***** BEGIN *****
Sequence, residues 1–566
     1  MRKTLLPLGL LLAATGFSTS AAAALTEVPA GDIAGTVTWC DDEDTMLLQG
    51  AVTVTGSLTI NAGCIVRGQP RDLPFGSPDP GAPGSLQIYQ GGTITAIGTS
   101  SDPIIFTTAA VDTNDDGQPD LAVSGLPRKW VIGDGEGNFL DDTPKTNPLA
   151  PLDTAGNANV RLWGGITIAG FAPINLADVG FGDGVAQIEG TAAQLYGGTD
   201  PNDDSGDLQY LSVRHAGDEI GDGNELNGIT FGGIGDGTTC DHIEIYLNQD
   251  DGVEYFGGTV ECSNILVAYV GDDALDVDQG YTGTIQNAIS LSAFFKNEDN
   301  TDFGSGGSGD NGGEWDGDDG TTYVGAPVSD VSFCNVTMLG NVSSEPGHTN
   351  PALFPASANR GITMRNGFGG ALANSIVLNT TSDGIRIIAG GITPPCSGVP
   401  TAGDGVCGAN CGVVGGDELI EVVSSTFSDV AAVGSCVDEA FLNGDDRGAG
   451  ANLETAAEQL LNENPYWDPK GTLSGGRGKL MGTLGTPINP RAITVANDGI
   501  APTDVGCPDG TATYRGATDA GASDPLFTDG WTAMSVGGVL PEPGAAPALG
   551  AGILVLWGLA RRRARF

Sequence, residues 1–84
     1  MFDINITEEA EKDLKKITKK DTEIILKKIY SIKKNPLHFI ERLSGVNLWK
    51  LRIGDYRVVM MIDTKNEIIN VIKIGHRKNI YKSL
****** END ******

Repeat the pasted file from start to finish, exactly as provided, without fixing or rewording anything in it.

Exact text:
Sequence, residues 1–566
     1  MRKTLLPLGL LLAATGFSTS AAAALTEVPA GDIAGTVTWC DDEDTMLLQG
    51  AVTVTGSLTI NAGCIVRGQP RDLPFGSPDP GAPGSLQIYQ GGTITAIGTS
   101  SDPIIFTTAA VDTNDDGQPD LAVSGLPRKW VIGDGEGNFL DDTPKTNPLA
   151  PLDTAGNANV RLWGGITIAG FAPINLADVG FGDGVAQIEG TAAQLYGGTD
   201  PNDDSGDLQY LSVRHAGDEI GDGNELNGIT FGGIGDGTTC DHIEIYLNQD
   251  DGVEYFGGTV ECSNILVAYV GDDALDVDQG YTGTIQNAIS LSAFFKNEDN
   301  TDFGSGGSGD NGGEWDGDDG TTYVGAPVSD VSFCNVTMLG NVSSEPGHTN
   351  PALFPASANR GITMRNGFGG ALANSIVLNT TSDGIRIIAG GITPPCSGVP
   401  TAGDGVCGAN CGVVGGDELI EVVSSTFSDV AAVGSCVDEA FLNGDDRGAG
   451  ANLETAAEQL LNENPYWDPK GTLSGGRGKL MGTLGTPINP RAITVANDGI
   501  APTDVGCPDG TATYRGATDA GASDPLFTDG WTAMSVGGVL PEPGAAPALG
   551  AGILVLWGLA RRRARF

Sequence, residues 1–84
     1  MFDINITEEA EKDLKKITKK DTEIILKKIY SIKKNPLHFI ERLSGVNLWK
    51  LRIGDYRVVM MIDTKNEIIN VIKIGHRKNI YKSL